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Oh Christmas tree! 5 amazing facts about our favorite seasonal decoration


For most of us, it is impossible to imagine celebrating Christmas without the warm sparkle and magical glow of a Christmas tree. In fact, this 600-year old tradition is so ingrained in modern culture, that polls show 95% of Americans celebrate Christmas even though only half see it as a strongly religious holiday.

Of course at the center of this annual event stands the tree, and whether you go with a real one, an artificial one, or something entirely different (think festivus pole!), we’ve unwrapped five amazing facts about Christmas trees that you probably never knew or even thought about.

1) It all began in 16th century Germany
It is widely accepted that the indoor use of evergreen trees, as a symbol of hope and life during this winter holiday, began in Germany in the 16th century. Since then, thanks to the support of several prominent royal families in Europe, the custom has grown and spread.

Here in the U.S., the annual lighting of the tree at Rockefeller Center in New York City is arguably the most watched celebration of this sort. With roots that now date back 80 years, the midtown display has gone from a 40-foot tree with 700 lights to a seventy-foot behemoth that sports 45,000 twinkling, energy-efficient LEDs.

The White House also lights a tree annually too, but that tradition only dates back to 1966, when the National Christmas Tree Association began presenting the first lady with a tree to put on display in the blue room.

2)  It’s fake trees by a mile
According to the American Christmas Tree Association, 80% of American homes will have a fake tree this year, up from 79% in 2011. There are many reason why that number is rising, but it seems that the real tree loyalists aren’t dwindling too much in their numbers, and will purchase somewhere about 22 to 25 million fresh trees.

Those that do go the artificial route are expected to use their tree for a decade, and often take comfort in the fact that they save money, are clean and easy to set up, require no watering and are inflammable.

Proponents of the pine tree will argue that natural is better, that the scent is inimitable, and the tradition of selecting just the right tree makes for a timeless annual outing.

3)  Christmas trees are just another crop
According to USDA and other industry data, the farmers that grow Christmas trees are not all that different from other family farms that raise livestock or grow other crops, and it is often not their primary source of income.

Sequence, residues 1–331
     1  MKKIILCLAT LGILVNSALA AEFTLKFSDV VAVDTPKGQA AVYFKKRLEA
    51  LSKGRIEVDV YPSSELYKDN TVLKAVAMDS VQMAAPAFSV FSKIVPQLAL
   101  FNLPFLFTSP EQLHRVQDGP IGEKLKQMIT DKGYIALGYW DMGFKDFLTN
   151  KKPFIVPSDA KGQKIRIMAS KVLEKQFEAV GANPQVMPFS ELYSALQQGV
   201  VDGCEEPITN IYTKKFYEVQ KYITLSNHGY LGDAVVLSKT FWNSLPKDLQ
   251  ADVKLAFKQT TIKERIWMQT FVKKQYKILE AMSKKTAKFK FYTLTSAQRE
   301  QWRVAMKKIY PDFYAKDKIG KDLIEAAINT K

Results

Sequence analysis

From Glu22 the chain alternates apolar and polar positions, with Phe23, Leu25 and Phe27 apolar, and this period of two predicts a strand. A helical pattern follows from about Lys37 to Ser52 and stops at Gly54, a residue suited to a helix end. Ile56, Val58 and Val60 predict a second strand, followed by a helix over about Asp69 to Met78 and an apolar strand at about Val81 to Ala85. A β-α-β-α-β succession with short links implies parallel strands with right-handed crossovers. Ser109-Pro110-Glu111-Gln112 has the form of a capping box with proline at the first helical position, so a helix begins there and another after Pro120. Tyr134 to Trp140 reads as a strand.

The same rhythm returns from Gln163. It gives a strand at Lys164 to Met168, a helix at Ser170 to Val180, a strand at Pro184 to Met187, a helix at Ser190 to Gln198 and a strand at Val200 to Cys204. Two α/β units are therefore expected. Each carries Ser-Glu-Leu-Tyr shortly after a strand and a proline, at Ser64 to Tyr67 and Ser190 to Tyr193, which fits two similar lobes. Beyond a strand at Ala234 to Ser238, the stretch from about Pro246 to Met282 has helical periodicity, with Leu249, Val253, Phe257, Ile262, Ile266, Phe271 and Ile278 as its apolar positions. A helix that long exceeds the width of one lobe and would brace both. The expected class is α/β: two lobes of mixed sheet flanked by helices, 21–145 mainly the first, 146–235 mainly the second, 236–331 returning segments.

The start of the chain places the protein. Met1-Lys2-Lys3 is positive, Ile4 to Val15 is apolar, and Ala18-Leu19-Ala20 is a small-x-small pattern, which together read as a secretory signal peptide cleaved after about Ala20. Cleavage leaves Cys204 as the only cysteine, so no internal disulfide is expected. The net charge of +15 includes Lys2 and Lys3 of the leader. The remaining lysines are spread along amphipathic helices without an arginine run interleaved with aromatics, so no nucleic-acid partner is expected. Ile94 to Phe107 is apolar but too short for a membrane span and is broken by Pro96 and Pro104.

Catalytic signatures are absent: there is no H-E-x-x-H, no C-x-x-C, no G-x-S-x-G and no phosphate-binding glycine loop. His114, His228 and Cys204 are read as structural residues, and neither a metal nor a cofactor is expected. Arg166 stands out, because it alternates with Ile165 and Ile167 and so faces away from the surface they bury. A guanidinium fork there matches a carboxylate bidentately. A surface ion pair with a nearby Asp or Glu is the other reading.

Of the 24.5 million live trees sold last year, the NCTA reports that 85% were pre-cut and that only 15% were cut down by the consumer themselves. In addition, more than 100,000 people are employed on over 15,000 different plantations, where as many as three trees get planted for each one that gets harvested. It takes about seven years to grow a tree, on average, and the most common height is six feet.

The NCTA says that “Oregon, North Carolina, Michigan, Pennsylvania, Wisconsin and Washington,” are the leading producers, and that chain stores (like Walmart or Home Depot) sell as many trees now as the farmers do.

4) Home heating equipment is much more dangerous
From the early days of actual candle-lit trees, to highly distributed images of trees bursting into flames, the risk of bringing a flammable shrub into your home, and covering it with electric lights has been well established. 

According to the National Fire Protection Association,  “Between 2007-2011, U.S. fire departments responded to an average of 230 home fires, per year, that started with Christmas trees.”  

While the risk involved in Christmas trees is clear - and potentially deadly -  separate NFPA statistics show that the risk from home heating equipment is far greater, where more than 53,000 incidents occur each year.

5)  It’s a big business no matter which kind you buy
The tree growers estimate annual sales of about $1billion for real trees, versus about $800 million spent annually on artificial trees. The average price of a real tree (~$40) has remained remarkably stable for the past decade. While the average fake tree might cost more upfront, years of re-use will more than offset the additional cost